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Fight over abortion funding nears in push for health care

WASHINGTON (BP)–The Democratic leadership of the House of Representatives unveiled its 1,990-page health care bill Oct. 29 with funding for abortion intact, setting the stage for a battle with pro-life members of its own party.

A House floor vote on the Affordable Health Care for America Act, H.R. 3962, may occur as soon as Nov. 5.

As expected, the massive legislation includes a “public health insurance option” managed by the federal government that would fund elective abortions and a federal subsidy program for private plans that cover abortion, pro-life organizations reported.

There are indications Democratic pro-lifers may have enough votes to block passage of the health care measure by defeating the rule governing consideration of the legislation. The House leadership is expected to try to bring the bill to the floor under a rule that would prevent a vote on a pro-life amendment that would bar federal funds from paying for abortions in both the public and private plans. If the procedural vote on the rule fails, the legislation will not be able to go to the floor for consideration.

Rep. Bart Stupak, D.-Mich., leading the Democratic pro-life effort to amend the bill, and Democrats for Life of America (DFLA) both have signaled they have enough votes to defeat the rule and block the health care proposal if their allies don’t change their minds. Speaking to CNSNews.com, Stupak has said there are about 40 Democrats who have agreed to vote with him, while DFLA Executive Director Kristen Day said Oct. 29 there are about 43 Democrats committed to joining Stupak.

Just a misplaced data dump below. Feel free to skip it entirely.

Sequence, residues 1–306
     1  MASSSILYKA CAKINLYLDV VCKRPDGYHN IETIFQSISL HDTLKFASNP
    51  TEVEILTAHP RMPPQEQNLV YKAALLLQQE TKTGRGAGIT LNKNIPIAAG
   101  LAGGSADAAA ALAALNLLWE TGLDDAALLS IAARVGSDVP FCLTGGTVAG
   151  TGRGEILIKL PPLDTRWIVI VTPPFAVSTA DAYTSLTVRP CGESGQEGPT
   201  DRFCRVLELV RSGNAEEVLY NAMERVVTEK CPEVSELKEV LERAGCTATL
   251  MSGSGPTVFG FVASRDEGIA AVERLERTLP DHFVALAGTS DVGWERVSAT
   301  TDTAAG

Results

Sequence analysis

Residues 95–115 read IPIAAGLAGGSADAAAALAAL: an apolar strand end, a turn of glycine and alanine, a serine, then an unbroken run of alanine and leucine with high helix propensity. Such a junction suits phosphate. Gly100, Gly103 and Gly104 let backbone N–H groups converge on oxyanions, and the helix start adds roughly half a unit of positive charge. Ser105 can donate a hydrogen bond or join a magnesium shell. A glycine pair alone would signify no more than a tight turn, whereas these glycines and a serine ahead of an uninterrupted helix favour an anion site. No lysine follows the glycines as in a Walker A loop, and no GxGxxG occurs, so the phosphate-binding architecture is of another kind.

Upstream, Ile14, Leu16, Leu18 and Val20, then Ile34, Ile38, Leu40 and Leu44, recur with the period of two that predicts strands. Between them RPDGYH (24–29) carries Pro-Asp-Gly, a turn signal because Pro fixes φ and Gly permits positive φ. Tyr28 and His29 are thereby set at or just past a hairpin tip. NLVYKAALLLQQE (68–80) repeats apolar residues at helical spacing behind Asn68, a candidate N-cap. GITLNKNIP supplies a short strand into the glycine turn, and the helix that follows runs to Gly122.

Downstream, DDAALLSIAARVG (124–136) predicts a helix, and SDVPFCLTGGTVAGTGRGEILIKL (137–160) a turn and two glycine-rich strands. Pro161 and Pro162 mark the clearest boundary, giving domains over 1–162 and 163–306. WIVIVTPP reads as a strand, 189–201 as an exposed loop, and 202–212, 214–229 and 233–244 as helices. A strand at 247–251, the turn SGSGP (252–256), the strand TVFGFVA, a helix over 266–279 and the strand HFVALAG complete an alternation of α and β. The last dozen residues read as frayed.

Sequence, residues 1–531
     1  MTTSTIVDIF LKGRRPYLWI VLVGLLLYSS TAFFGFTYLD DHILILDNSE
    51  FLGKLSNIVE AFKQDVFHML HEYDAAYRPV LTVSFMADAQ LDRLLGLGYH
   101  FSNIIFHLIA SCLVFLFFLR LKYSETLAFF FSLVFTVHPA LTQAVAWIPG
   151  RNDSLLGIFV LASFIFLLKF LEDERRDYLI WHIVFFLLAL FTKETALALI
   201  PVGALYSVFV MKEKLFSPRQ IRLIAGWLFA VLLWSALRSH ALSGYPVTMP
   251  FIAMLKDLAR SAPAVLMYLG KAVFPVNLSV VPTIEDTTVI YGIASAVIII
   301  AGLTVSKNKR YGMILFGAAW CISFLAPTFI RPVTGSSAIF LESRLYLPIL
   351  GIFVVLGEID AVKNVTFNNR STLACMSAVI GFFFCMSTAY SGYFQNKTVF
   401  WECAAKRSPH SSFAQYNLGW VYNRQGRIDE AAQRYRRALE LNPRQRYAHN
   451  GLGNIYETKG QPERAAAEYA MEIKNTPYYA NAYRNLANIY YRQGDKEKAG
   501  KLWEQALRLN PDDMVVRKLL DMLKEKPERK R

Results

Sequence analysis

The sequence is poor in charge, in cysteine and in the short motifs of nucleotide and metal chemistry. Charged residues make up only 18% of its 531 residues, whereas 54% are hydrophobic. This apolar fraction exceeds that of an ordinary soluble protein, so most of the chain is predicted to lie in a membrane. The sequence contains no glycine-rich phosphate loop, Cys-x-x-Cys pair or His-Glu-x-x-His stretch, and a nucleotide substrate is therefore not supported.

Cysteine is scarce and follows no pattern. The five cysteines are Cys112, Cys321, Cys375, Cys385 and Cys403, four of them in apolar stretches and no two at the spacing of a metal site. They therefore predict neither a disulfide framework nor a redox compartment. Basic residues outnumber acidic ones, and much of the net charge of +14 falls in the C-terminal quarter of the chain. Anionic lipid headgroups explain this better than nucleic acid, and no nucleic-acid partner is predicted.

Pro-lifers have little margin for error. There are 256 Democrats and 177 Republicans in the House, with two vacancies to be filled Nov. 3 in special elections. If the vote takes place before the two vacancies are filled and if all 177 Republicans and 40 Democrats oppose the rule, it would fail 217-216.

“Anyone voting to forbid amendments to this bill is in effect voting to set up a federal government program that will directly fund abortion on demand, with federal funds,” said Douglas Johnson, the National Right to Life Committee’s legislative director, in an Oct. 29 written release.

Charmaine Yoest, president of Americans United for Life (AUL), said in a written statement Oct. 29 the language in the legislation creates “a dramatic change from the status quo — currently no federal dollars are used to pay for elective abortions or plans that cover abortion…. Explicit language must be added to this health care bill to prevent unprecedented federal funding of abortion.”

Also on Oct. 29, Stupak said in a written statement he is disappointed the abortion-funding language from a previous House bill “has remained intact in H.R. 3962, mandating abortion services for the first time in our nation’s history. I will continue to work with leadership to find satisfactory language on this issue.”

Pro-lifers continued to refute contentions by supporters of the abortion-funding language that only private funds would be used for abortions under the “public option.”

“The public plan will be a federal agency program [under the Department of Health and Human Services], and all funds spent by the agency are federal funds,” Johnson said, citing an Oct. 9 memo from the Congressional Research Service that “confirmed that all funds spent by the bill’s public plan will be federal funds. Prominent Democrats who have claimed that the federal government could pay for abortion with ‘private’ funds have been engaged in a big snow job….”

A different health care reform bill approved by the Senate Finance Committee Sept. 30 also covers abortion. The panel voted 13-10 against an amendment that would have prohibited federal funds from paying for abortions in plans or subsidies established by the legislation. The full Senate has yet to take up the measure.
Tom Strode is the Washington bureau chief for Baptist Press. With reporting by Michael Foust.